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University of Illinois Veterinarians Use 3D Printing to Help With Eagle’s Surgery

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downloadThere’s no denying the impact that 3D printing technology has had on the medical industry. From surgical preparation to patient-specific prosthetics, it has become a viable technological solution for a growing number of healthcare-related applications. This impact extends way beyond human healthcare too, and has served a vast range of species, particularly our winged and feathered bird brethren. Throughout this year alone, we’ve seen Phillip the duck receive new 3D printed feet, a Chinese cockatoo saved with a beak prosthetic, and a Brazilian macaw that obtained the world’s first-ever titanium beak replacement.

It also appears that 3D printing technology is helping veterinarians prep for surgical procedures on one of the most prized bird species in the world. Recently, students from the University of Illinois College of Veterinary Medicine had come across a wild eagle with its left humerus out of alignment, due to improper healing after it was shattered by a gunshot wound months earlier. In order to help the bird take flight again, an intensive surgery was required. To do this, the veterinarian students turned to those in the College of Engineering, who assisted by creating two 3D printed life-sized models of the eagle’s humerus, one that was healthy and another that replicated the actual injured bone.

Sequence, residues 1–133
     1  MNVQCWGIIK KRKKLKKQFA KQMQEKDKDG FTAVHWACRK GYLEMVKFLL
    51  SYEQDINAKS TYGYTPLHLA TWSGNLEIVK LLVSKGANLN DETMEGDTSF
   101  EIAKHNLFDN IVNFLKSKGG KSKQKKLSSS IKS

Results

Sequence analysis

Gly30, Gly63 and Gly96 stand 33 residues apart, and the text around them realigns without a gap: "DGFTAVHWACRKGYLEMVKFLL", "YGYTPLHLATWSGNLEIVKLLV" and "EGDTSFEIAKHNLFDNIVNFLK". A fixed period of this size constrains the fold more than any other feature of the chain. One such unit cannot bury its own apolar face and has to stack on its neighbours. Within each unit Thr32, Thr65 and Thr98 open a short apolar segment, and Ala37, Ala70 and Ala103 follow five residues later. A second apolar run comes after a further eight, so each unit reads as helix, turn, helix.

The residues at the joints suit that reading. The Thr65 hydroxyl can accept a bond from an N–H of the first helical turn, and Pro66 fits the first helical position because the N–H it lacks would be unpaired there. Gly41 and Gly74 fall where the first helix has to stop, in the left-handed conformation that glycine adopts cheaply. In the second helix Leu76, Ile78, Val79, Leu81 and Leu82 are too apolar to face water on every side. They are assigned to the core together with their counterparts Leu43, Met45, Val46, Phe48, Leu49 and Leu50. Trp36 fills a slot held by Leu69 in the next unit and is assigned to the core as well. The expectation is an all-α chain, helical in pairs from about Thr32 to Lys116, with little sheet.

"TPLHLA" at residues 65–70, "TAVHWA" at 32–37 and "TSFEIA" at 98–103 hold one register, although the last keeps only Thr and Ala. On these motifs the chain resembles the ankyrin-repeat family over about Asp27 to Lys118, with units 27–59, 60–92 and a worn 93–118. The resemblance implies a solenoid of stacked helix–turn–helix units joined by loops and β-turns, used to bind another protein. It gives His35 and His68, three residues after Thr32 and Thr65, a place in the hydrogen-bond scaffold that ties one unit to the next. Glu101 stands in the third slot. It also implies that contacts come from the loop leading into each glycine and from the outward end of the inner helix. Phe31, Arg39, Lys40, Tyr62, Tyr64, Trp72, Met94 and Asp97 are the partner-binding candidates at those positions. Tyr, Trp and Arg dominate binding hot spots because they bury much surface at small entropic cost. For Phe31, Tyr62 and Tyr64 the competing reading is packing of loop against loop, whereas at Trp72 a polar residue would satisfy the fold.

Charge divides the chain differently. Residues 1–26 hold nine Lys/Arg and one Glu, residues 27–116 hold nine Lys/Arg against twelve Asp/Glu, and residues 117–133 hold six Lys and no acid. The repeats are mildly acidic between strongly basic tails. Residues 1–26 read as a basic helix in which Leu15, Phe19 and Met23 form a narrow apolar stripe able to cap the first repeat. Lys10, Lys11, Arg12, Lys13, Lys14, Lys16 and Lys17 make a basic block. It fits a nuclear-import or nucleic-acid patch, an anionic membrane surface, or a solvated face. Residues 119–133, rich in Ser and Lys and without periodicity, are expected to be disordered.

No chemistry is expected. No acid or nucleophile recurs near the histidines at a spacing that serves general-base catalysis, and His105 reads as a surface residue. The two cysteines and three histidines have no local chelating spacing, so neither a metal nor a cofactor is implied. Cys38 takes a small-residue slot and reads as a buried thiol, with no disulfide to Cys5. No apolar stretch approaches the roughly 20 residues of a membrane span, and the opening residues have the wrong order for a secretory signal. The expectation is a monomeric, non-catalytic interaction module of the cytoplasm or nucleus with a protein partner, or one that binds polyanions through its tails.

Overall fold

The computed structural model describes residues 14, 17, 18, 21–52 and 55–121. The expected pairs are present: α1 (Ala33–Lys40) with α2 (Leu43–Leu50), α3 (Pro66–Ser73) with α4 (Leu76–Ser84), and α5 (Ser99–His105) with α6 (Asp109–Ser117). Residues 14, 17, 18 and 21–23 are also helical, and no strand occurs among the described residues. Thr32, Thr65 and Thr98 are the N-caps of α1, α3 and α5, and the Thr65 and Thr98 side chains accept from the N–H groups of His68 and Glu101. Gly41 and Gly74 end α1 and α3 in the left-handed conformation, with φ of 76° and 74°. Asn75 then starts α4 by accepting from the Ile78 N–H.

bone.prototypes.300Before the the 3D printed models were used by Dr. R. Avery Bennett, an acclaimed avian surgeon, to help perform the procedure, a massive dataset was procured from the spiral CT scan taken by veterinary radiologist Dr. Stephen Joslyn. Consulting from Australia, Dr. Joslyn added a so-called ‘threshold’ into the data, which enabled the computer to separate ‘bone’ and ‘not-bone’ from the subtle and delicate CT scan information. Since the injured bone was fragmented, and thus unable to be printed in a single piece, medical illustrator Janet Sinn-Hanlon utilized software to manually thicken and link the bone areas together.

After communications went back-and-forth between experts across the world, which were facilitated by Wildlife Medical Clinic intern and University of Illinois student Dr. Nichole Rosenhagen, it seemed that the life-sized models were set to be 3D printed in the university’s Rapid Prototyping Lab. But, the day before the surgery was planned, it turned out that the 3D printing queue was full. Thanks to Ralf Möller, the lab supervisor and director of technical services in the Department of Mechanical Science and Engineering, the models were 3D printed overnight in about six hours, and were good to go by the time the lab opened up the next morning.

eagle.surg_Möller enlisted the help of undergraduate student and lab technician Nick Ragano, who visited the lab overnight to ensure that 3D models would be prepared for use, and also pressure washed the starch-based support material used to print the plastic models. That morning, the 3D printed bones were collected by Dr. Rosenhagen, and the injured eagle received successful orthopedic surgery in a matter of three hours on May 5th.

Thanks to 3D printing technology and the collaborative effort between the University of Illinois students and experts, the veterinarians involved in the procedure are hoping to see this majestic eagle take a normal flight sometime in the very near future. Discuss further in the Vets 3D Print Eagle Humerus forum over at 3DPB.com.

[Source/Images: Engineering at Illinois]

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